“He quotes Epimenides, one of their own poetic spokesmen who lived around 600 B.C.” [7] 

“12. One – Epimenides of Phaestus, or Gnossus, in Crete…” [8] 

“12. Invective against opponents supported by a hexameter from the Cretan poet Epimenides (ca. 600 BCE)” [9]

Some of you might ask, “so what exactly is the problem?”. Well, it’s quite simple and straight forward really. The person quoted is Epimenides. He says that,”Cretans are ALWAYS liars”. The Greek word for always here is ἀεὶ(aei) which means “ever and always”(without exception). So, the problem is that this testimony is by Epimenides who is HIMSELF a CRETAN! And Paul affirms the testimony without hesitation as he put it:

This testimony is true. Therefore, rebuke them sharply so that they will be sound in faith…”

If Epimenides is a Cretan and the testimony in question says “Cretans are ALWAYS liars” which Paul affirms then how can the testimony be true in the first place? If Epimenides is a Cretan and they always lie then how is his testimony here true? Do you understand what always means? Any reasonable person will no doubt agree with me that there’s a big logical problem here. Indeed, it is a huge stumbling block.

I had an hour long discussion on this with a Christian apologist and the defense which he mustered was quite interesting however false it was. Instead of dealing with the logical problem of the passage he tried to spun an entirely different interpretation of the text. He claimed that Paul was not affirming what the quotation says, but rather the quotation itself i.e. he’s saying that the quotation is authentic(actually said by someone). The problem with this explanation is that it just does not correlate with the text which itself is quite clear:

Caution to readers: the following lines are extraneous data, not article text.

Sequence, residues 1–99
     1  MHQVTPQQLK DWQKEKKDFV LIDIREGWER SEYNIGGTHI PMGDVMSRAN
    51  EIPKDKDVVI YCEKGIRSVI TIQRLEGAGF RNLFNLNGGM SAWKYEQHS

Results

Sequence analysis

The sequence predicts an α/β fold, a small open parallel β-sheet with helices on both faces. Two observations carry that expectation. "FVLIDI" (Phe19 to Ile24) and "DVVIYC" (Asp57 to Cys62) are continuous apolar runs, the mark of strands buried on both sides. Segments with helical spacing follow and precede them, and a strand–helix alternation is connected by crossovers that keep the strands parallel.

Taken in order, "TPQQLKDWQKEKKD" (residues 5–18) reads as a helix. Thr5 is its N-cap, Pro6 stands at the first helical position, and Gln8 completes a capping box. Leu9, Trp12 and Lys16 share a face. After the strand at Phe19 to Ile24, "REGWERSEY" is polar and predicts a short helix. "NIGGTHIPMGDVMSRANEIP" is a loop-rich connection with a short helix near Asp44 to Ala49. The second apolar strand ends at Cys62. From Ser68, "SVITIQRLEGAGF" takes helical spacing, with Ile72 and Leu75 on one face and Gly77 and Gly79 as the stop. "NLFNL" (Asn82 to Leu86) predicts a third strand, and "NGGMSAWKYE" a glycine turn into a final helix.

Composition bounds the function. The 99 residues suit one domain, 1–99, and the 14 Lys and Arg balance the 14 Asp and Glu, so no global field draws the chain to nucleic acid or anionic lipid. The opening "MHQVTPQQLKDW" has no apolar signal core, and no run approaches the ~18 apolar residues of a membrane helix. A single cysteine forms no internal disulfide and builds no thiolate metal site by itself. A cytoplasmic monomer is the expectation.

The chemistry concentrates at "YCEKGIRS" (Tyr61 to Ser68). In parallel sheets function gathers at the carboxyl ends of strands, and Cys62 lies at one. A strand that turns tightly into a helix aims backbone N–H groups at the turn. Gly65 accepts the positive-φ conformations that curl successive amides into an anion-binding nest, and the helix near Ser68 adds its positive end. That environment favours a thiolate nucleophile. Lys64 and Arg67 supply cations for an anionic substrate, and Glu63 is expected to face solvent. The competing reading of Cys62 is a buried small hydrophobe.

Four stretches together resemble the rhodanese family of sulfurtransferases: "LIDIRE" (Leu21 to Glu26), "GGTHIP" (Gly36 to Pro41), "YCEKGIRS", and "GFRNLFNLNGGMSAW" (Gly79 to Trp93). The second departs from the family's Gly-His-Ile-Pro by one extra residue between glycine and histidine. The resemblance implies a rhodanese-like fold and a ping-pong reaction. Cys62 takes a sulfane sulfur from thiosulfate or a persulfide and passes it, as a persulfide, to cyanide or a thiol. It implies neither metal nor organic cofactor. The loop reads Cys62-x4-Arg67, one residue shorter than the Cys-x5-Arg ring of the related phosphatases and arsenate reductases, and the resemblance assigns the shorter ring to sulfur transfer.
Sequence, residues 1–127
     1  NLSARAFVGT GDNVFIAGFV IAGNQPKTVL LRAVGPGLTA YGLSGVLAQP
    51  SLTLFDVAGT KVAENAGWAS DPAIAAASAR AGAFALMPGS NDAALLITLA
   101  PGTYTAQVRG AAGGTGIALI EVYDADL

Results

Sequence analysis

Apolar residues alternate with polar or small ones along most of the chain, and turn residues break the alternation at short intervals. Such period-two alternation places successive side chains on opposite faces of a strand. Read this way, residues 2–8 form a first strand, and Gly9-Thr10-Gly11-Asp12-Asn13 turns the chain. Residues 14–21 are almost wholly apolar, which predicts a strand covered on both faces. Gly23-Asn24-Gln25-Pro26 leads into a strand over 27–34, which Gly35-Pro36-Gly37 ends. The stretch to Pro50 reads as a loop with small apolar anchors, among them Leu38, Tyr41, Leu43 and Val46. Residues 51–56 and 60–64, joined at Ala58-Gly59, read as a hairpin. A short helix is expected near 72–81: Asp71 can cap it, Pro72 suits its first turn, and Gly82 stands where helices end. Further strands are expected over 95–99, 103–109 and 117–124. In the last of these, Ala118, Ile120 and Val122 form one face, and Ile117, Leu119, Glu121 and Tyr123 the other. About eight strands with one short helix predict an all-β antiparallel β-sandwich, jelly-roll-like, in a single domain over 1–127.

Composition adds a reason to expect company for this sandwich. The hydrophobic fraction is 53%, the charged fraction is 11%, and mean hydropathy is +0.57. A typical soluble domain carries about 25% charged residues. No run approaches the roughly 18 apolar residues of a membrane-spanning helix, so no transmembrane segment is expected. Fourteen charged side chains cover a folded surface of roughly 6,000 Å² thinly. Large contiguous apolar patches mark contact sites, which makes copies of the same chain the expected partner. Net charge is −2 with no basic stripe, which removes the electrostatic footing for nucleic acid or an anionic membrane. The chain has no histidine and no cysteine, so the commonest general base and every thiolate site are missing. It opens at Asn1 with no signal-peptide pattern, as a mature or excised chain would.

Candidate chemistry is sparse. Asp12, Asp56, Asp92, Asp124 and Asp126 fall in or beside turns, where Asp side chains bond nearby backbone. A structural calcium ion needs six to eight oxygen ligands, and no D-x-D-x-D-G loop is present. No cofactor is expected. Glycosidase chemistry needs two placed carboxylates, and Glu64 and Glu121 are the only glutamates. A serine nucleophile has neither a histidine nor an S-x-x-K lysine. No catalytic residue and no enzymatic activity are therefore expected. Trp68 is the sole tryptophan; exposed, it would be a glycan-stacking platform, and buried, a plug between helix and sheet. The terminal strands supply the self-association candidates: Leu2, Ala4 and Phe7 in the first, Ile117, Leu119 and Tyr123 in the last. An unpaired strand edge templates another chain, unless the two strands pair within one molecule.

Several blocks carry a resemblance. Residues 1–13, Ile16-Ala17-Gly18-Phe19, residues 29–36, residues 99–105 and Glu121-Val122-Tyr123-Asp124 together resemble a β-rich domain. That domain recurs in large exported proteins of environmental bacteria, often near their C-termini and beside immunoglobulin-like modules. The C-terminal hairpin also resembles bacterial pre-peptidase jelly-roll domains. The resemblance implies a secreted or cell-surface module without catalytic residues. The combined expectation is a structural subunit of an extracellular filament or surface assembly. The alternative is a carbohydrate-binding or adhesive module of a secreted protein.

“Even one of their own prophets has said,”Cretans are always liars, evil brutes, lazy gluttons.” This testimony is true. Therefore, rebuke them sharply so that they will be sound in faith…”

Paul believes that the testimony which he is reporting is true so he says THEREFORE or as the NASB translates it “FOR THIS REASON” REBUKE THEM SHARPLY. What’s the reason? What’s to rebuke? To rebuke is to scold, to refute, to correct, to reproach etc. Do you rebuke someone on the basis of a quotation which is not true?  No! The reason for the rebuking is because according to Paul the TESTIMONY that says Cretans are always liars is true i.e. what is said by it is true! As Matthew Henry explains:

“2. Here is the matter of his testimony: The Cretans are always liars, evil brutes, slow bellies. Even to a proverb, they were infamous for falsehood and lying. 3. Here is the verification of this by the apostle himself: v. 13. This witness is true.” [10]  (emphasis added)

The following Bible translation is quite helpful:

“It was a Cretan prophet, one of their own countrymen, who said, ‘Cretans were ever liars, vicious brutes, lazy gluttons’ – and how truly he spoke! All the more reason why you should rebuke them sharply…”(Revised Standard Version, Oxford and Cambridge University Press)

Let us consider several  more commentaries that admit to the fact that Paul believes the testimony made by the Cretan Epimenides to be factual.

“…generally considered to be Epimenides, a contemporary of Solon (about 600 B.C.)… The indictment is severe, but this testimony is true.” [11]  (emphasis added)